Recently, I had corrective surgery on my foot to repair an injured tendon. Prior to surgery, I had two consultations with the surgeon, and I must have tuned out or been thinking about dinner during his conversations about recovery. So, on the day of surgery, I nonchalantly walked into the hospital under the impression that since the surgery was minor, the pain and recovery would be minor as well.
The surgery went as planned and I was waiting for my discharge papers 3 hours later. That is when I realized I had missed a few details. The nurse read the instructions as she handed me the papers … “fill the prescription for pain meds, don’t unwrap the dressing until you see the doctor again … and do you have crutches?”
“Wait a minute, are you sure those are my discharge papers? Because my post-op visit isn’t for 16 days … so what about showers? I don’t like meds and I don’t remember the doctor saying anything about crutches.”
“Yes dear, these are your papers … that dressing can’t get wet, so no showers. I think you will want to fill that prescription and use the crutches,” she gently responded.
As I transferred into the wheelchair for the ride to the car, I soon realized that any movement caused so much pain in my foot that it felt like a knife was cutting me. A suspicion started to grow … I think the doctor left the surgical knife in the incision!
When we got home, I had no choice but to use my crutches to go inside. (collecting medical supplies has been a hobby the past four years) I also asked my husband how fast he could get to the pharmacy and back again! The first night was so miserable that I was sure the surgery was a mistake. At times, I felt as if I needed to tear the dressing off and remove that painful knife!
Over the next few days, I did as little as I had to and I continually thanked God that my doctor had prescribed a strong painkiller. My suspicion about the knife continued to grow, especially as I slowly hobbled on my crutches. I could even picture it … about three inches in length and about an inch wide. From time to time, I had to look at my foot to reassure myself that there was no knife cutting through it.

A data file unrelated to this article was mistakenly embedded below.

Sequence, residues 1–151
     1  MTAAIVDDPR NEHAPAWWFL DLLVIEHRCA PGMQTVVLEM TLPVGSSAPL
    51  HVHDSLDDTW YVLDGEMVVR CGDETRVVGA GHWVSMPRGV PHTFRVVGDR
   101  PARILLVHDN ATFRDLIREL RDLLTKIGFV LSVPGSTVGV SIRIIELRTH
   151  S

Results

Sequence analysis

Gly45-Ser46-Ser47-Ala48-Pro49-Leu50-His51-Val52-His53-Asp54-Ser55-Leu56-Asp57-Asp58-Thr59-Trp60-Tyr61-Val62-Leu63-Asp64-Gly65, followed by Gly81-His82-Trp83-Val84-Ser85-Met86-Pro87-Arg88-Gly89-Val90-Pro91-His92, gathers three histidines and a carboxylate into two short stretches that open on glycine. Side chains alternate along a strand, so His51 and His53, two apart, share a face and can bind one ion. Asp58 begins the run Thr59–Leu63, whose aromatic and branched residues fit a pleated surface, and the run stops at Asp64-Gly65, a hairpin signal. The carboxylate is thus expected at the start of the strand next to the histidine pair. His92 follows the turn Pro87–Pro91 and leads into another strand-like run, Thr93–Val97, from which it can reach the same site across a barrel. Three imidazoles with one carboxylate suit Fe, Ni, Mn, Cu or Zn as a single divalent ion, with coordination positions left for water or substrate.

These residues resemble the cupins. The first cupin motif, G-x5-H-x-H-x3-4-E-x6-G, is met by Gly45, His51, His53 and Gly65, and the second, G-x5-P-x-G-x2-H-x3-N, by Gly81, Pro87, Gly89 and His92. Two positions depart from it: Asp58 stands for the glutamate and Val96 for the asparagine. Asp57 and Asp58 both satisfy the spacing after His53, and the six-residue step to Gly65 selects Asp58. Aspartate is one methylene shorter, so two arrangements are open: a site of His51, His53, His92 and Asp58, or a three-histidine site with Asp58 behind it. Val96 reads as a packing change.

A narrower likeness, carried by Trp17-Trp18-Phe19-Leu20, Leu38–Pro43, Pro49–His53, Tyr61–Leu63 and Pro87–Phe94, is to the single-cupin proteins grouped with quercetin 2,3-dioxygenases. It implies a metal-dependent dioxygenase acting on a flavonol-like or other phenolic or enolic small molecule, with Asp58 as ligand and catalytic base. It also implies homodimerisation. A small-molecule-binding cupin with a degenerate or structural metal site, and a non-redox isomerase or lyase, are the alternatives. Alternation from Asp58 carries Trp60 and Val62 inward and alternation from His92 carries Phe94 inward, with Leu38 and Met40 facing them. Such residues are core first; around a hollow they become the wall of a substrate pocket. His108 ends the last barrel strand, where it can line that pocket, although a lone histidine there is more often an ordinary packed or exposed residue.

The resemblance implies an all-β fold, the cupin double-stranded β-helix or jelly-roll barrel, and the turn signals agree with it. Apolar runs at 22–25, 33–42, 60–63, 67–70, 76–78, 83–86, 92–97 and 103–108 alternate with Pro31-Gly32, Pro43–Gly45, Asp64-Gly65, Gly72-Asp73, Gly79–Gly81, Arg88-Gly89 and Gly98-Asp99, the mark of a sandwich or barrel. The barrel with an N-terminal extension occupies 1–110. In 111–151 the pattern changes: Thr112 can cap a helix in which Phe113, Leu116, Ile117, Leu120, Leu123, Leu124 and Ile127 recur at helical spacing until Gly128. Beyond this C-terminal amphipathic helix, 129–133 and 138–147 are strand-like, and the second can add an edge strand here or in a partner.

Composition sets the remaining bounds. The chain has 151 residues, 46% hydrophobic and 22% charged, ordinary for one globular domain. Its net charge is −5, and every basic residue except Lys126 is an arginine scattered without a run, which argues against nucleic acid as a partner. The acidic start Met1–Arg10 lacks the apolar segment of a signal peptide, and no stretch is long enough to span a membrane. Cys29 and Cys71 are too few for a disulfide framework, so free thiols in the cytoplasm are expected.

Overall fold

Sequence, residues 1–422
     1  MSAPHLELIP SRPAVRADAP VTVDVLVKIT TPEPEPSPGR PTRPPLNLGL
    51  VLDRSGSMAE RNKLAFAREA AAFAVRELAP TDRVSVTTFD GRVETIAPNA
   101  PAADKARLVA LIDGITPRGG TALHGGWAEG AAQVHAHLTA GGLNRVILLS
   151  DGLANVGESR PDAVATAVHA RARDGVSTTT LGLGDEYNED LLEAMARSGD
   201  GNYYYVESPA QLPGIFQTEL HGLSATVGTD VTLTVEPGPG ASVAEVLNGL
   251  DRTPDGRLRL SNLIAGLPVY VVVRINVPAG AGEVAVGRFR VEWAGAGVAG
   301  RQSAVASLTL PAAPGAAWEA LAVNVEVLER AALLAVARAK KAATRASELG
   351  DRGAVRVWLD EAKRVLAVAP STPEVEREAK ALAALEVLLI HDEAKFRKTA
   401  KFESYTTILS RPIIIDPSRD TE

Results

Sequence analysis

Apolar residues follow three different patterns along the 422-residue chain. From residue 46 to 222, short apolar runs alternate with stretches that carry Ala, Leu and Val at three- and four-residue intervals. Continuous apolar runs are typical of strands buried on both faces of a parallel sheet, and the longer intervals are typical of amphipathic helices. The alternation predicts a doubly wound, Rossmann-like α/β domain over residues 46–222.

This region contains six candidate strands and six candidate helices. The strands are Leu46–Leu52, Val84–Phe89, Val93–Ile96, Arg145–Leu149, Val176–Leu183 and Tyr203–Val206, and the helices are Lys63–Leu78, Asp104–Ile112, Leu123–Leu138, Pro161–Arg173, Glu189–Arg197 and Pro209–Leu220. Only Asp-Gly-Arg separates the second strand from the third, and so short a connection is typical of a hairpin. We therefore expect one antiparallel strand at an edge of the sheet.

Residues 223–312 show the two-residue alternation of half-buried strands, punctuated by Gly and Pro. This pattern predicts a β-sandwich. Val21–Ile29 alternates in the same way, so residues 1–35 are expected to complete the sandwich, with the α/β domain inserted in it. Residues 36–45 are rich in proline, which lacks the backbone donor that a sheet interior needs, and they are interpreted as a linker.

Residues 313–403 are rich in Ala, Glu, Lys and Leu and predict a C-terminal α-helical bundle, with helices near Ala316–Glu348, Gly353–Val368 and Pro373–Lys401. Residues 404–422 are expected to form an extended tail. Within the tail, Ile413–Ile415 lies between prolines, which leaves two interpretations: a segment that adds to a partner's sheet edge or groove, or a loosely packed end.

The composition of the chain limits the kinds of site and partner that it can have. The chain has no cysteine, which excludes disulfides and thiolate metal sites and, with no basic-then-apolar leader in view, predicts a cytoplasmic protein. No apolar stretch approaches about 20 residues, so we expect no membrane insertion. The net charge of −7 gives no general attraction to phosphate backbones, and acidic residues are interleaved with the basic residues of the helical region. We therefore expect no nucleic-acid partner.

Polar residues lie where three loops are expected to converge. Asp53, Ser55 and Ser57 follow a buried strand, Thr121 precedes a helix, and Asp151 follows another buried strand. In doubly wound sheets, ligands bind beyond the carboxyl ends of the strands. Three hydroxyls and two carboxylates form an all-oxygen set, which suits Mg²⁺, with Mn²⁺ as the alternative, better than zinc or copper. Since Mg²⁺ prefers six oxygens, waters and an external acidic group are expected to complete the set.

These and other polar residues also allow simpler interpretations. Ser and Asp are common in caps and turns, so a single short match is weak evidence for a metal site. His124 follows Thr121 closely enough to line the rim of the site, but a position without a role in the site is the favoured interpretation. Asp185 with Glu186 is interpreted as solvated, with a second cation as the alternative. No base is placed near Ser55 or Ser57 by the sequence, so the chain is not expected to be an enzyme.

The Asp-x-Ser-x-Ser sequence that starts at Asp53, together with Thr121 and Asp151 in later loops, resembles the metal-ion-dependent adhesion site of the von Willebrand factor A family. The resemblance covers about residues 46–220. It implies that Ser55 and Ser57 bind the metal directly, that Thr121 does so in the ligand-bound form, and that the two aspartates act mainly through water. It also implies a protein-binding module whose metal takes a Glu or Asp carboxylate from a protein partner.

After the first week, it finally felt better and I tentatively put some weight on my heel as the pain allowed me. By the time I went to my post-op visit; I was hobbling on my heel without the crutches.
Now as I walk with less pain and resistance, I am thankful that I couldn’t change my mind about the surgery in those first pain-filled days.
As I reflect back on those few weeks, I realize how often I do the same thing when I want to change a behavior, start a project or restore a strained relationship. I begin the process without properly preparing myself for all that is involved. The details bore me or I don’t think they apply to me. Then when things don’t happen as easily as I would like them to, I want to give up. I even give into suspicions about why things are harder then I anticipated. It has to be because of my circumstances or something others did or said. Lord knows, it would just be easier if she/he hadn’t put that ‘knife’ in there.
I need to accept the fact that change takes time and may involve pain. Only then can I embrace the process and stick to the choices that help me get the result I want. I’ve also been reminded to not give into suspicions that can easily derail a successful plan. If I had ripped open my dressing to take out the suspicious knife … the process would have taken much longer.
As I move through my days now … with a healed foot, I try to remember to not only embrace, but to prepare myself for the slow, sometimes painful, process that is needed to deal with certain issues in life and to trust God, even when in pain.